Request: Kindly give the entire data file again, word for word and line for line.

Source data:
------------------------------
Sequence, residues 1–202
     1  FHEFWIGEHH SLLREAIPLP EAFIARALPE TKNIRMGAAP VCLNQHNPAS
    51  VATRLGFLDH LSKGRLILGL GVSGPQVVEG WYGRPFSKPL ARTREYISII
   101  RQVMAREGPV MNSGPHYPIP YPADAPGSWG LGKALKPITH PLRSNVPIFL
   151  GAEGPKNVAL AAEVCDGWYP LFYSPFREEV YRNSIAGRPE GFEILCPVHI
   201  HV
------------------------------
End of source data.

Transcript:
Sequence, residues 1–202
     1  FHEFWIGEHH SLLREAIPLP EAFIARALPE TKNIRMGAAP VCLNQHNPAS
    51  VATRLGFLDH LSKGRLILGL GVSGPQVVEG WYGRPFSKPL ARTREYISII
   101  RQVMAREGPV MNSGPHYPIP YPADAPGSWG LGKALKPITH PLRSNVPIFL
   151  GAEGPKNVAL AAEVCDGWYP LFYSPFREEV YRNSIAGRPE GFEILCPVHI
   201  HV